amanjeev sethi

science, infrastructure, code, photography

How to document Rust's macro invocation

written by amanjeev on 2019-02-21

Since, I have spent way too much time on this, I decided it is worth noting down.

The problem

You can easily document your Rust items like functions by putting three slashes ///.

/// My amazing function
/// # Example
/// amazing();
fn amazing() -> () {
    println!("Rust is amazing!");
}

You can also document your macro like this -

/// My amazing macro's own doc
macro_rules! amazing {
    ($func:ident) => (
        fn $func() -> () {
            println!("Rust is amazing! Rust has powerful features!");
        };   
    )
}

However, if you want to document each separate invocation of your amazing! macro, it is not that straightfoward. You might ask why should we be doing that anyway? Because macros can generate a lot of boilerplate code for you and each of those invocations might be slightly different which must be conveyed to your user in docs.rs. For example, this will not work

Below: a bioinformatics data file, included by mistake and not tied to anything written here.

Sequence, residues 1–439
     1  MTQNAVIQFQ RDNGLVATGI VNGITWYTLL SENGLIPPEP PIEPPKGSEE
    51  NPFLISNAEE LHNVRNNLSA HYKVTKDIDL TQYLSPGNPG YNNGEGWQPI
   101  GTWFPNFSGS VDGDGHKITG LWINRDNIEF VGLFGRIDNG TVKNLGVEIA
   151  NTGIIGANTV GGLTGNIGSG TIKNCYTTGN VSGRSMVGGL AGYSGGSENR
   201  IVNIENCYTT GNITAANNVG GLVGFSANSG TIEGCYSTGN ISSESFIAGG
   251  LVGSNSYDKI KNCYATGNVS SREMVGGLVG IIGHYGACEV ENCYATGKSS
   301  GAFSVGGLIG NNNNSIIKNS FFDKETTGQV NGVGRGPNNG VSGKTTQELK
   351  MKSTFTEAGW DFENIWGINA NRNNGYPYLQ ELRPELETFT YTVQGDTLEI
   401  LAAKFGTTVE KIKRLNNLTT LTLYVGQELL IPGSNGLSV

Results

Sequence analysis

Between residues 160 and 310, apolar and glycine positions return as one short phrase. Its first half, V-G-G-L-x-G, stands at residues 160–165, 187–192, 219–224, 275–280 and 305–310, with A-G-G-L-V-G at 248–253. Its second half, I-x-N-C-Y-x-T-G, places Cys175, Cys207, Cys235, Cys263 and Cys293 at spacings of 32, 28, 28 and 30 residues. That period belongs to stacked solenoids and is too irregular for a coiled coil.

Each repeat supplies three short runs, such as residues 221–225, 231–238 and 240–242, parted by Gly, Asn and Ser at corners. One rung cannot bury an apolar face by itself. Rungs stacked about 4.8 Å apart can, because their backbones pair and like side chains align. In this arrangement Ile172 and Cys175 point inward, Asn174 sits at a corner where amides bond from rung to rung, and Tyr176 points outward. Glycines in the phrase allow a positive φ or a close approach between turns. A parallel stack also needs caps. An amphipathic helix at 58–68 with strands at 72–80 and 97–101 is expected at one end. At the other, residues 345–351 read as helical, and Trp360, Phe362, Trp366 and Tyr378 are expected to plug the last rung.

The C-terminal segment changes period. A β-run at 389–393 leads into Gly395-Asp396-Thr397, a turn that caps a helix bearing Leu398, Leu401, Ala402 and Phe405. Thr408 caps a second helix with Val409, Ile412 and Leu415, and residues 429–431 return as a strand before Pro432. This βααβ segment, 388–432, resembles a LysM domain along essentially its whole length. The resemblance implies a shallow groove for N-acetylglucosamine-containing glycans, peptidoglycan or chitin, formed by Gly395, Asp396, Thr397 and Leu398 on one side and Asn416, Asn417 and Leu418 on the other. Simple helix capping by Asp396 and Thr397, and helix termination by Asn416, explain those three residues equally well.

/// this is a macro invocation but
/// these doc strings will not show
amazing!(amazing_function_1);

Phew!

Solution

Slightly modify your macro

/// My amazing macro's own doc 
macro_rules! amazing {
    (
        $(#[$meta:meta])*
        $func:ident
    ) => (
        $(#[meta])*
        fn $func() -> () {
            println!("Rust is amazing! Rust has powerful features!");
        };
    )
}

Let me explain briefly what those two new lines mean.

Capture meta

$(#[$meta:meta])* tells the macro to match 0 or more instances of meta attributes. Rust doc comment /// a comment is just another way of saying #[doc = " a comment"] This means that if we provide a comment in our invocation, this will now be captured.

Output meta

$(#[meta])* just spits out all the meta attributes right before the function.

Add comment in your invocation

amazing!(
    /// this macro invocation will have a comment
    /// # Examples
    /// amazing_function_2();
    amazing_function_2
)

amazing!(
    /// this macro invocation will have another, its own, comment
    /// # Examples
    /// amazing_function_3();
    amazing_function_3
)

The comments in the docs will now show up for both functions that were created via invoking macro. :)

Many thanks to kind folks in Rust community discord server.